Sunday 4th June
Today is another long driving day, as we aim to get to Norway pretty quickly. The German autobahns definitely aid us in this goal, and Rosie gleefully speeds* her way along the fairly traffic-free roads.
We stop for lunch in Bremen, Germany, then swing by the vet to get a worming treatment officially witnessed and signed in Lex’s pet passport (This is required to enter Norway!)
After that, we continue on to Denmark!
So far the only visible border control we’ve encountered since leaving the UK, is at the Danish border. They stop the car and ask to see our human passports (but not Lex’s 😦 ), then wave us on our way. Soon after crossing into Denmark, we stop at a petrol station to fill up the tank.
This is where our mission fails miserably.
Firstly, we don’t have any Danish Krone. However! This is the first petrol station we’ve seen that has a card machine attached to the pump. Modern technology, cool!
I open the fuel hatch and pop the fuel cap onto the roof of car. Pull the fuel pump out and attempt to fill the tank. Nothing happens.
Attempt #2: Put bank card into the machine and enter pin number. Response from the machine is some incomprehensible Danish. Only option we can understand is cancel. Hit cancel.
Attempt #3: Put card into machine and select the Union Jack button before entering pin. “There will be a 1.4% fee from using this card”. Ok… Maybe because it’s a British card? Lets try a Caxton travel one. Cancel.
Attempt #4: Put Caxton card into machine and enter pin. Shit, forgot to click the Union Jack first, no idea what this says. Cancel.
Attempt #5: Put card into machine, Union Jack, enter pin. “Insufficient funds” .… (There are definitely plenty of funds on this card.) Cancel.
Attempt #6: Put original bank card back in. enter pin. Fuck, Danish. Cancel.
Attempt #7: Put card into machine, Union Jack, enter pin. Agree to the extra fee. “Accepted, please remove your card and use pump”. Ok! Pull the fuel pump out and attempt to fill the tank. Nothing happens.
Attempt #8: Queue inside the building to ask at the desk how to use their machine. A woman comes outside and says something like “It should just work”. By now our card transaction has timed out, so we can’t show her the part where we get stuck. She leaves us alone with the machine again.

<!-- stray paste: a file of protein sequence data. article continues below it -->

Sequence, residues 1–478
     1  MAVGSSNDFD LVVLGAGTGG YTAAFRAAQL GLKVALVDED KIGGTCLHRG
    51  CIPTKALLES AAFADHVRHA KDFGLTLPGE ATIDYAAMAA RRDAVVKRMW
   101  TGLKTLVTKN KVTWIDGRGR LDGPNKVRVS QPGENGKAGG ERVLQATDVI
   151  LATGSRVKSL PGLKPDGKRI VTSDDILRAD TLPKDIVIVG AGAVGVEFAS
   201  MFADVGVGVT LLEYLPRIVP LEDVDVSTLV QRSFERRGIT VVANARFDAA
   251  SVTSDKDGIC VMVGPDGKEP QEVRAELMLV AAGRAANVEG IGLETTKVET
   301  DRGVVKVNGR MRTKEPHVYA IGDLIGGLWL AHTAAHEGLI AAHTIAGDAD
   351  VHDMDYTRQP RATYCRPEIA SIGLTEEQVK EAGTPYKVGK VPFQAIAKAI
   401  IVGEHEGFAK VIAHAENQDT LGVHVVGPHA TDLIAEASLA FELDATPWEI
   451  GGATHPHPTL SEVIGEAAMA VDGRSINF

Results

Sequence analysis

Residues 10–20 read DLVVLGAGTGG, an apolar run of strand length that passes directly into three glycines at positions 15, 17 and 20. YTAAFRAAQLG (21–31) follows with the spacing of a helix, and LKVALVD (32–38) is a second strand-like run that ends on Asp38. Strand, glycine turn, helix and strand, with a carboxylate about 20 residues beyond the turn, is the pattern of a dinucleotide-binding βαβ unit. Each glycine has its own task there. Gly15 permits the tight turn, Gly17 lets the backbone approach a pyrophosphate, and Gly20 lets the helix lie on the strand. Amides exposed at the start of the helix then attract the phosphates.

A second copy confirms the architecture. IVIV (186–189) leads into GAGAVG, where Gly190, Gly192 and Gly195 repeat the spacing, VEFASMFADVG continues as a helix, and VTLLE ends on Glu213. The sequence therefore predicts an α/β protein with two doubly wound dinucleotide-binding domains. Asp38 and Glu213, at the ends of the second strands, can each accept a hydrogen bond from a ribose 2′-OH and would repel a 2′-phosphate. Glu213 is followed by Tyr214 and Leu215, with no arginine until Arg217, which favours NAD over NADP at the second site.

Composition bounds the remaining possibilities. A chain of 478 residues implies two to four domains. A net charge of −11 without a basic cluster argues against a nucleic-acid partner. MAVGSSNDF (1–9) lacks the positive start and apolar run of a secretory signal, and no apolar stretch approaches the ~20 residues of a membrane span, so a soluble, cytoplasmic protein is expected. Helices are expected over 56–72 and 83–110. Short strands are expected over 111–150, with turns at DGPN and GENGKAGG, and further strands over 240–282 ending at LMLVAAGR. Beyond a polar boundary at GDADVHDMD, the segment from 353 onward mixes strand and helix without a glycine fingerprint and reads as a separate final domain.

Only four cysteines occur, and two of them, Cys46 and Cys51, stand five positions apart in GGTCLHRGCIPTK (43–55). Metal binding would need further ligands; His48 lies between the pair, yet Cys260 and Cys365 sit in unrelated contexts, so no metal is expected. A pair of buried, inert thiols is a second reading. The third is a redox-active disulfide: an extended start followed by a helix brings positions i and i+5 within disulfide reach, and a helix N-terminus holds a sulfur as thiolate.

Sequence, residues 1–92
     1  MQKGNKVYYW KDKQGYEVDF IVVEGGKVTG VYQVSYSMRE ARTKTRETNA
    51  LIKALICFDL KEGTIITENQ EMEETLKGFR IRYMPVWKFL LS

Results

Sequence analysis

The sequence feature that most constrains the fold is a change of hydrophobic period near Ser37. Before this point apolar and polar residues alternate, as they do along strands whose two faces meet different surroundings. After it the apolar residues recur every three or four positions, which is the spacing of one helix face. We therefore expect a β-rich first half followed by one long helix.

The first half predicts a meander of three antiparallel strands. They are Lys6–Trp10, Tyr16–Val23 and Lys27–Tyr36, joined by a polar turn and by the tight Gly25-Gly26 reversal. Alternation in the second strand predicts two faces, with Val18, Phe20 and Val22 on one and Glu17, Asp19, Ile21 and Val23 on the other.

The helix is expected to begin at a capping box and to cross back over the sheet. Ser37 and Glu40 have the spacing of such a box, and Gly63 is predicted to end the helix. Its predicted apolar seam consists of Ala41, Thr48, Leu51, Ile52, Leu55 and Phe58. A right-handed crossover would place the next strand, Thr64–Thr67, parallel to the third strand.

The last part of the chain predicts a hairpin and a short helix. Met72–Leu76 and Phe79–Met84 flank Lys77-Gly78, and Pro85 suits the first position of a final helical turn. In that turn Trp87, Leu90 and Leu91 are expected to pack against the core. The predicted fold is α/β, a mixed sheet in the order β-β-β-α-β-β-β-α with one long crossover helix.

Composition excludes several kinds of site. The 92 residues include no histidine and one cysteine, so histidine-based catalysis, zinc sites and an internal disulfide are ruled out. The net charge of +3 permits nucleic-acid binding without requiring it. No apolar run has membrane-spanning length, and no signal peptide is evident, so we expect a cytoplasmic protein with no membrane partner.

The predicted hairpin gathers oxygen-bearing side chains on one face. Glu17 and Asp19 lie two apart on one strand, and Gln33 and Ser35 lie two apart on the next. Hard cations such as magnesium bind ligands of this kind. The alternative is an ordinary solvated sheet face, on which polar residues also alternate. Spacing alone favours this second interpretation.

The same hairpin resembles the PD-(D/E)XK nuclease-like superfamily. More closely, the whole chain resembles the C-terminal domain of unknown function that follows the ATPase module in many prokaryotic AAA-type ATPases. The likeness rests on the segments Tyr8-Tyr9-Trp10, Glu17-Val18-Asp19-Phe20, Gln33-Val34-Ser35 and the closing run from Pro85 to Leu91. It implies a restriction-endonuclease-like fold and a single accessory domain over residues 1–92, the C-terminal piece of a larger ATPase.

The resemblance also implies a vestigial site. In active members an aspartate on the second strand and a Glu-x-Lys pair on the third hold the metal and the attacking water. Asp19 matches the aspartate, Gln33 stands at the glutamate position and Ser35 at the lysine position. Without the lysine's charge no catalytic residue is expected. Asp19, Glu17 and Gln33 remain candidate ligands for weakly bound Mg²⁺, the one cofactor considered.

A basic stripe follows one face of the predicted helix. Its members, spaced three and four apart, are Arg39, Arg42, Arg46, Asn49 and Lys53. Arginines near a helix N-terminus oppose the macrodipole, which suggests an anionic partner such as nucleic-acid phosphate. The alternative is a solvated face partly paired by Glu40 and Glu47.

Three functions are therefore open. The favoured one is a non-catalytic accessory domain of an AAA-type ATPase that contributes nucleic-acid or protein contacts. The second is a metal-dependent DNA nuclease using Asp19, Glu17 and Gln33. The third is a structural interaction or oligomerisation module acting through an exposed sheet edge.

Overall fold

Modern technology? Not cool. So not cool.
“Can we just go?” says Rosie. So we do. We drive on towards to the nearby campsite, are greeted by a friendly cat and a friendly man who checks us in and says we can camp wherever we want. The campsite was situated right next to a lovely lake, so we chose our spot pretty close to the lakeside, aiming for more seclusion than the previous night.
After strolling around the site and the beautiful lake, I start making our dinner and find I’m soon plagued by a swarm of tiny flies buzzing around my head. Eventually, they become bold enough to land on my eyelids and crawl into my ears. It’s pretty horrible. I ask if Rosie’s being pestered as much – She says no and continues reading her Kindle. I quickly finish up making dinner and we eat, now both being bothered by the bugs, and we notice at this point that it feels like they’re biting us. Aren’t these.. midges?
After dinner, we really need to book ferry tickets, but the website is super slow and the bugs are made even more frenzied by the light of my phone. They’re clearly even pestering Lex. So we decide to take refuge in the car, requiring kind of a military operation to chuck Lex and ourselves in, all without inadvertently allowing a cloud of midges to invade the quarantine zone.
Eventually, we manage to book a ferry for midday on the 7th,, so we’ve got an extra day to hang out in Denmark. That’s fine. But the next military operation calls for escaping the car and jumping into the tent without the midge hive-mind re-activating and chasing us in. The mission appears to be semi-successful, but we’ll still wake up the next day with rather a lot of itchy red lumps on our bodies. Little buggers.
And at about 1am, awakened by the chatter of birds in the barely-dark sky, I suddenly realise I left the fuel cap on the roof of the car when we drove away from the petrol station. Shit.
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